Corporate governance and responsible business conduct for more sustainable economies


The global economy relies on efficient, open and resilient markets to effectively allocate capital and stimulate innovation, productivity and growth. The private sector is indeed essential to global prosperity: across OECD countries, over 80% of workers are employed by the private sector*, and businesses contribute 72% of GDP**.

A challenging global context for investors

Investors play a very important role, by providing the capital businesses need to grow and create value. However, investors are sensitive to uncertainty, and the current economic and financial context is particularly challenging.

The recent market turmoil in both the United States and Europe has revealed weaknesses in financial markets and in regulatory and supervisory oversight of financial institutions. We should remain vigilant, as risks across the global financial system have increased. Bank failures and the higher cost of capital now faced by some banks could result in a further tightening of bank lending standards. This would weaken credit growth and economic activity.

Another issue of concern is the increasing stress in corporate debt markets. Corporate bond issuance decreased sharply in 2022 as borrowing costs surged, due to increasing inflation and tightening financial conditions. With higher borrowing costs and a long-term growth in lower-grade issuance, significant amounts of relatively high-risk debt will need to be refinanced in less accommodative conditions than previously, with possible financial stability concerns.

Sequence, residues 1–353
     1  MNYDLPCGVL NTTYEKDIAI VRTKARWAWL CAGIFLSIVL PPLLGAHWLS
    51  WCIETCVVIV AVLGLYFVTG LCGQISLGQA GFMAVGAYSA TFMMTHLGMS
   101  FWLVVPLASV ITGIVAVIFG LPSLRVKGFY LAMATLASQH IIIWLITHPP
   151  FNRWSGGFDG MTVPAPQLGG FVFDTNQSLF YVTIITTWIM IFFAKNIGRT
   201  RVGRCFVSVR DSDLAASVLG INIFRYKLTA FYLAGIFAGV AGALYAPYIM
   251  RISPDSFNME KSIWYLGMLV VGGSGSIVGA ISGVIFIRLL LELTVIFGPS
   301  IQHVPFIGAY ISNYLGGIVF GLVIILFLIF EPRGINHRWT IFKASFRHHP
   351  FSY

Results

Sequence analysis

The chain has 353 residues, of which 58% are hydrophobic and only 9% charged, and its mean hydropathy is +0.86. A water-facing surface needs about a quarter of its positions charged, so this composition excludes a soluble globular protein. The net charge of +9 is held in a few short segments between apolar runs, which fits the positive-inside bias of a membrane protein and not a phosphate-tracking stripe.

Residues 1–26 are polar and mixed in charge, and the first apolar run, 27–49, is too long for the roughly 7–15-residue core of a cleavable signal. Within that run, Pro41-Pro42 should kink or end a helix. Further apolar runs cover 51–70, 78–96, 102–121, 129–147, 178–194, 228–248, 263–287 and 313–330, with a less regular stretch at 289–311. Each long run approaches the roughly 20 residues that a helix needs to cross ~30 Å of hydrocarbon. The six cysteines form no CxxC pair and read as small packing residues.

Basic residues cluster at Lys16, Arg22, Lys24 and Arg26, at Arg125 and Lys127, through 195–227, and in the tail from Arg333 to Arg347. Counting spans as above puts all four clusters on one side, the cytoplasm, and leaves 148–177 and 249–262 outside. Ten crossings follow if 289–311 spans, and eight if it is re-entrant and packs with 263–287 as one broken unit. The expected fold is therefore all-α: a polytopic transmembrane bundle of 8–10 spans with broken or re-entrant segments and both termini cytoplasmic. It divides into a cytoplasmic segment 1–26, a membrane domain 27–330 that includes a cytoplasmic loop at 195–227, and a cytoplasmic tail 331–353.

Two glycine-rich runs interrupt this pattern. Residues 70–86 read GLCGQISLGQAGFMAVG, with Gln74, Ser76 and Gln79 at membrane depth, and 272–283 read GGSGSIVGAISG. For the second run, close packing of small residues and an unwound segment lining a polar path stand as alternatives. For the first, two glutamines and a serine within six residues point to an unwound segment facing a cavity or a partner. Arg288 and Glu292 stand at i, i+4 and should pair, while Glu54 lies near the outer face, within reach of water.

Developments in ESG and sustainability practices across financial markets

Investors and market participants are also increasingly focused on sustainability issues, including environmental, social and governance (ESG) issues. Indeed, beyond the near-term uncertainties, the global economy continues to face the triple challenges of climate change, biodiversity loss, and pollution. In addition to the existential threat to populations around the world, climate change is considered as a financially material risk for listed companies that make up 65% of global market capitalisation1.

Action is urgently needed. Investors and financial markets can and should play a central role in the orderly reallocation of capital to support the transition to net zero. Thankfully, we are already seeing a rapid development of sustainable finance and ESG investment practices. Over the past decade, the use of ESG approaches to assess investment risks and opportunities, and drive investment decisions, has become a leading form of sustainable finance. As of 2021, portfolios influenced by ESG investing approaches, such as ESG Integration, exceeded $40 trillion in assets under management2 .

In parallel, stock exchanges across advanced and emerging market economies have increasingly called for disclosures of ESG factors, and more than 80% of the market capitalisation of listed companies has an ESG score by at least one prominent ESG rating provider3. And we are seeing a multiplication of pledges and target-setting across the corporate sector to address ESG risks.

OECD efforts to drive best practices on corporate governance and business conduct

In this context, it is crucial that standards for corporate governance and business conduct remain fit-for-purpose, to drive tangible climate action, and support the resilience and sustainability of financial markets and a healthy corporate sector. The OECD has two leading global standards in this space.